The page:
Adolescent Violence and Unintentional Injury in the United States

Schwarz, Susan Wile

Overall rates of injury and death increase dramatically from childhood to late adolescence. Due to developmental and social factors, such as time spent without adult supervision and increasing independence, adolescents are more likely to engage in risk-taking behaviors than either younger children or adults. Biology also plays a role. The maturation of brain networks responsible for self-regulation often does not occur until late adolescence, making adolescents more likely to engage in risk-taking behaviors. These are just a few of the factors that contribute to greater risk of injury or violence in this age group. Violence and unintentional injury are two of the interrelated areas of vulnerability that adolescents may encounter. Combined with problems related to mental health, sexual and reproductive health, substance use, and nutrition and obesity, violence and unintentional injury form part of a complex web of potential challenges to adolescents' health.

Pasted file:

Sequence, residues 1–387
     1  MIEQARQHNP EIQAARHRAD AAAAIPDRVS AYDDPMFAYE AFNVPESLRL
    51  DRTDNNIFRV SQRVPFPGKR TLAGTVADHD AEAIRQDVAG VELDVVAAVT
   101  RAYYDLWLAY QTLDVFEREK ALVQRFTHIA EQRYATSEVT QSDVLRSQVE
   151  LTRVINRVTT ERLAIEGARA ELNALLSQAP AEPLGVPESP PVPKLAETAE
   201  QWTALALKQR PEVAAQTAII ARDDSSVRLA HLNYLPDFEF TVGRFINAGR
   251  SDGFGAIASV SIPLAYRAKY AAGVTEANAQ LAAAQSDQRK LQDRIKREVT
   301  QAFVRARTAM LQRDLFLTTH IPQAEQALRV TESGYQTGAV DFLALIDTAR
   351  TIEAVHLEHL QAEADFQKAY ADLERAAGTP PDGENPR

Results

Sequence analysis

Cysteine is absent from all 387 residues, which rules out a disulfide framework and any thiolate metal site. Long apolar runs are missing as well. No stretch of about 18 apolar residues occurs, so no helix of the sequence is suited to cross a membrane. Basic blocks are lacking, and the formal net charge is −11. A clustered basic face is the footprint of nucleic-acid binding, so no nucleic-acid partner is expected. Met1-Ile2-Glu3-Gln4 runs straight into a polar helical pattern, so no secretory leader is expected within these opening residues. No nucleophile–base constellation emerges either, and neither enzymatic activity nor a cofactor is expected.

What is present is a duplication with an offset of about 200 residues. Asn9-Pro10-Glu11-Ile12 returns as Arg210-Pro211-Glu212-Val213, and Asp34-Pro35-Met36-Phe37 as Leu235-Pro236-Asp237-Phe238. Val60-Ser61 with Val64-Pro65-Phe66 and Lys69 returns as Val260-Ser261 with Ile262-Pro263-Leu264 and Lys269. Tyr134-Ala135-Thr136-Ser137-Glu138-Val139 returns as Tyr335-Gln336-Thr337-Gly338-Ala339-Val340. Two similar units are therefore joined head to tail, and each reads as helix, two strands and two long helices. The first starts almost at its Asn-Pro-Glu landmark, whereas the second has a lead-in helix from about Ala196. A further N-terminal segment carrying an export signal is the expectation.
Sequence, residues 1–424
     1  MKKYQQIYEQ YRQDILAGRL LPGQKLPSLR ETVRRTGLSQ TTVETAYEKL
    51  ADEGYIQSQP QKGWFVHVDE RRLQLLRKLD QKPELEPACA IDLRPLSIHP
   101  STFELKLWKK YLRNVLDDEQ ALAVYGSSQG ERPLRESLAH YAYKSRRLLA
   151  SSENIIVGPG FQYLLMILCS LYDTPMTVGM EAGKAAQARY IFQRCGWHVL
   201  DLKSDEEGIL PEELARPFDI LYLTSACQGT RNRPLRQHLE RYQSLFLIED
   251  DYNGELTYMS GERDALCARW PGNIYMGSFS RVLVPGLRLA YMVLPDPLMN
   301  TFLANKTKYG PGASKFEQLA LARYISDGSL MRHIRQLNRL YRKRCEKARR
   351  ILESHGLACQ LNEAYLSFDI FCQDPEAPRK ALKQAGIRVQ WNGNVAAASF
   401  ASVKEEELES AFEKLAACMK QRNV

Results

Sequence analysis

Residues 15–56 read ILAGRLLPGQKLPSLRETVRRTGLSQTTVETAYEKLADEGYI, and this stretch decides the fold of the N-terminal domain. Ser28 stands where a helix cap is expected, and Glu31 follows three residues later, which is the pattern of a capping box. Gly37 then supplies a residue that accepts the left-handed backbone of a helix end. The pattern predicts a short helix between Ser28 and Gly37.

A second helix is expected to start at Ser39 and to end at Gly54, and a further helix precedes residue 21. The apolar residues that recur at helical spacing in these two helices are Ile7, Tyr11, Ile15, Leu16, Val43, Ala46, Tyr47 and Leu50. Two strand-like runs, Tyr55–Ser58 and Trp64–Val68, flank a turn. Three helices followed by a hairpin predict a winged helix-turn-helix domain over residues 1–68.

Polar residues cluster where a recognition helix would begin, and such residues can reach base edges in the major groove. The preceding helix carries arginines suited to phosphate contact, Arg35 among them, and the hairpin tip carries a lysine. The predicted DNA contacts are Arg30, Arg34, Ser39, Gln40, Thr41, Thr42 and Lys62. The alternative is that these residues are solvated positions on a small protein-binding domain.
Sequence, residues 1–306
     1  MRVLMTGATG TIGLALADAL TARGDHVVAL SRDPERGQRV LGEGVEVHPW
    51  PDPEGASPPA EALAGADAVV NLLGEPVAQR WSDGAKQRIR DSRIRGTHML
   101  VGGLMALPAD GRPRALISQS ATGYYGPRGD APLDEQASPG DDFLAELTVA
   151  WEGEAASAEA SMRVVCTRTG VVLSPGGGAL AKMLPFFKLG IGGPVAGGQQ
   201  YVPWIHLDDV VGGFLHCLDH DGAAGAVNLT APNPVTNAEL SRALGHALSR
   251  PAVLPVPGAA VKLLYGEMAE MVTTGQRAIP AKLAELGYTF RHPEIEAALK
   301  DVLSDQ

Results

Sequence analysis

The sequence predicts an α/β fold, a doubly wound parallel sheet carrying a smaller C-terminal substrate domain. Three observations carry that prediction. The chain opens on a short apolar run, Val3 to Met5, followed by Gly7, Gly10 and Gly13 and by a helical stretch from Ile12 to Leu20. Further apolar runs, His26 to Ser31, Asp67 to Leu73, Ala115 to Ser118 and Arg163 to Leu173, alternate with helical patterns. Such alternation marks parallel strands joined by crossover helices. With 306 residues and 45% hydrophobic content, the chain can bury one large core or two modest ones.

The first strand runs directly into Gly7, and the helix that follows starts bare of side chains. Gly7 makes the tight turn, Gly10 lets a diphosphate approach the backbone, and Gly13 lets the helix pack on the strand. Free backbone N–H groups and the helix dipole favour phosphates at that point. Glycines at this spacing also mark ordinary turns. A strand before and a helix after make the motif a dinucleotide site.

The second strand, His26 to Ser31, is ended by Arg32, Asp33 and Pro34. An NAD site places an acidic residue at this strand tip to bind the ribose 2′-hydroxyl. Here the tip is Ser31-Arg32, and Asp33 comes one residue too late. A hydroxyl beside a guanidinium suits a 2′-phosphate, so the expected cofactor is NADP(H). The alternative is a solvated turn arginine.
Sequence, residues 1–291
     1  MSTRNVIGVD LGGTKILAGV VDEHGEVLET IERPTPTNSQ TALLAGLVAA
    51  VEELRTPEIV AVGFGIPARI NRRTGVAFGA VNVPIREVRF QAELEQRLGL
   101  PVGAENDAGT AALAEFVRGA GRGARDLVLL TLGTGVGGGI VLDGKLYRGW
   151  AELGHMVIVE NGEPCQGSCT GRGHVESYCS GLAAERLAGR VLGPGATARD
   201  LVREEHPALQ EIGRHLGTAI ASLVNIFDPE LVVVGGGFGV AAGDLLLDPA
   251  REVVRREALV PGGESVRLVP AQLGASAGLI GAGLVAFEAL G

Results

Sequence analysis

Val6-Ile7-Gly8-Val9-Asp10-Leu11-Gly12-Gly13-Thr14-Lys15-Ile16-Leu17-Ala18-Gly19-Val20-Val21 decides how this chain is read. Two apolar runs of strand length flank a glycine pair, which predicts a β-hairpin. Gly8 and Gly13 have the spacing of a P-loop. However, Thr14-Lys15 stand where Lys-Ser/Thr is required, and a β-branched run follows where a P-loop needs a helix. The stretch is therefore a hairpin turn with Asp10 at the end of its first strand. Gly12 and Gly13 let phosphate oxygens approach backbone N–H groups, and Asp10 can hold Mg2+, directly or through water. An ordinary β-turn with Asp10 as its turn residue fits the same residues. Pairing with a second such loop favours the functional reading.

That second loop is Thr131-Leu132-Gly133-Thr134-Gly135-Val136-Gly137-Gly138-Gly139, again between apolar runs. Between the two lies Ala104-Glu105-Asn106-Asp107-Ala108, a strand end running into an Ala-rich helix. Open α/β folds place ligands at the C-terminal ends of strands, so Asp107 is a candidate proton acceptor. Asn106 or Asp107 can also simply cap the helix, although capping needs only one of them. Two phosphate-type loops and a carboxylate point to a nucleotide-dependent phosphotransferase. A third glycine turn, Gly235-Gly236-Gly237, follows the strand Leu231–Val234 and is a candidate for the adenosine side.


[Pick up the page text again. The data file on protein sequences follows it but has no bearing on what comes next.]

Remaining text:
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Academic Units
National Center for Children in Poverty
National Center for Children in Poverty, Columbia University
Improving the Odds for Adolescents Publications
Published Here
June 8, 2010